Here is a list of things in Lena Dunham’s life that do not strike Lena Dunham as being unusual: growing up in a $6.25 million Tribeca apartment; attending a selection of elite private schools; renting a home in Hollywood Hills well before having anything quite resembling a job and complaining that the home is insufficiently “chic”; the habitual education of the men in her family at Andover; the services of a string of foreign nannies; being referred to a homework therapist when she refused to do her homework and being referred to a relationship therapist when she fought with her mother; constant visits to homeopathic doctors, and visits to child psychologists three times a week; having a summer home on a lake in Connecticut, and complaining about it; writing a “voice of her generation” memoir in which ordinary life events among members of her generation, such as making student-loan payments or worrying about the rent or health insurance, never come up; making casual trips to Malibu…”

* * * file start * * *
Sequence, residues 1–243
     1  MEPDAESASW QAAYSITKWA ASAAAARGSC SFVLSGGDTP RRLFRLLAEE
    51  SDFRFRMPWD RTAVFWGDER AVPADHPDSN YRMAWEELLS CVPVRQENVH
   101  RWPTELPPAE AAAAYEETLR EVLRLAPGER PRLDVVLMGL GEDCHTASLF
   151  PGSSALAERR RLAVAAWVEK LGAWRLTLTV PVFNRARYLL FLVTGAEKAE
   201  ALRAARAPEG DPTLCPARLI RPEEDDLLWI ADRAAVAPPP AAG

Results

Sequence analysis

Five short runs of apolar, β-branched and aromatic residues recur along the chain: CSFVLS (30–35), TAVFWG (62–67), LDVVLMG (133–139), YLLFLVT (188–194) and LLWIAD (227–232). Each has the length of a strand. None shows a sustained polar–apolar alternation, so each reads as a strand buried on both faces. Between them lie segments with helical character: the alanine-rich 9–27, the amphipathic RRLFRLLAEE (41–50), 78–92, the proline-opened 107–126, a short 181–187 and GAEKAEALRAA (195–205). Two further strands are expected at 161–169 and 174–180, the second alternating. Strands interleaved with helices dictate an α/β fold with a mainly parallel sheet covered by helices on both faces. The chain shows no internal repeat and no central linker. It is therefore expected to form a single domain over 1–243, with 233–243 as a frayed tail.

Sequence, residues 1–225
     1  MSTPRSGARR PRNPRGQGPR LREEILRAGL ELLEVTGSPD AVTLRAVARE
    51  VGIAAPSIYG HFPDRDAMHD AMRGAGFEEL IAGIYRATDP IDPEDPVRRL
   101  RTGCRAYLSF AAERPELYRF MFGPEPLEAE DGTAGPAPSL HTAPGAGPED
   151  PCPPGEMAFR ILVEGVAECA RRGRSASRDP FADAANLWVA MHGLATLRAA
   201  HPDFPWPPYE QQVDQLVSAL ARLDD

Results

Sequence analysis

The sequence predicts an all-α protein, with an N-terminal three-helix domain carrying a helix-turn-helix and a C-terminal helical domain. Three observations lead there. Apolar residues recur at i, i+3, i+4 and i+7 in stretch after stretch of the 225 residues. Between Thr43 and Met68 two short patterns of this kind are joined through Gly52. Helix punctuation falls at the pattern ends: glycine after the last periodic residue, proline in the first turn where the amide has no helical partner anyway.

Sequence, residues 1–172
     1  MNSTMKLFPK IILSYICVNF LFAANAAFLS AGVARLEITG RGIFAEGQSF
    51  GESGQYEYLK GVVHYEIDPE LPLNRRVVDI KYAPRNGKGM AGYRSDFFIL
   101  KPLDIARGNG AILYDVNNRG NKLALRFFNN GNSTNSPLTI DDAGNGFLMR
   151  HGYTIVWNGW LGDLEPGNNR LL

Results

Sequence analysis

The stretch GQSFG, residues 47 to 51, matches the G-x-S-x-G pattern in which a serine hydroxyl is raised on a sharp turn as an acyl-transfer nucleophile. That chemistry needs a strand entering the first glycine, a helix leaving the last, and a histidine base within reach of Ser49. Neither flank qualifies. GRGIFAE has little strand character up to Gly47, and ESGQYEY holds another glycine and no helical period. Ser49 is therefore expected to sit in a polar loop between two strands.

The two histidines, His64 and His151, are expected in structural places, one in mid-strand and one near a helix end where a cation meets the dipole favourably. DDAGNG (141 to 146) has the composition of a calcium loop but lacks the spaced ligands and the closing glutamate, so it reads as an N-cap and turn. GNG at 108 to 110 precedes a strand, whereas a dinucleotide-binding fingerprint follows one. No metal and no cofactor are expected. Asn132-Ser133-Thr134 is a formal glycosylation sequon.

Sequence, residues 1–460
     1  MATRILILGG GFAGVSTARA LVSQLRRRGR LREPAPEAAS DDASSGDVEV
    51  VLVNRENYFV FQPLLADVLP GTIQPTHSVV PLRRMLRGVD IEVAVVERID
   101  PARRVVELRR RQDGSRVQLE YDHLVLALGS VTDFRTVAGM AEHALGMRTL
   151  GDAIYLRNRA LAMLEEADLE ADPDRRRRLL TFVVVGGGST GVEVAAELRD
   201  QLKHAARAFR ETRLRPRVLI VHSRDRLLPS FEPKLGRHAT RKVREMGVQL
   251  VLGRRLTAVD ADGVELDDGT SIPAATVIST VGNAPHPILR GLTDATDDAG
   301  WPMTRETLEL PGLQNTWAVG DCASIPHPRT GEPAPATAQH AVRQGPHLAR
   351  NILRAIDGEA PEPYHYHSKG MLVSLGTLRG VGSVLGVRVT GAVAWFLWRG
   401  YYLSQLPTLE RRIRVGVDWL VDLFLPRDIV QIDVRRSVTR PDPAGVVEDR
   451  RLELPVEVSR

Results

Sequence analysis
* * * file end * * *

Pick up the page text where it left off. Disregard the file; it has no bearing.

Responses (1) +
  • October 30, 2014 at 3:02pm

    So you don’t care about the wealth, but you DO care about how her (well her parents’–back to the whole “inherited wealth” thing…) access TO wealth “spoiled the crap out of her,” which I’d assume you’d also link (or consider one and the same) to her “abject lack of moral character”? And you don’t see the contradiction there?

  • October 30, 2014 at 2:59pm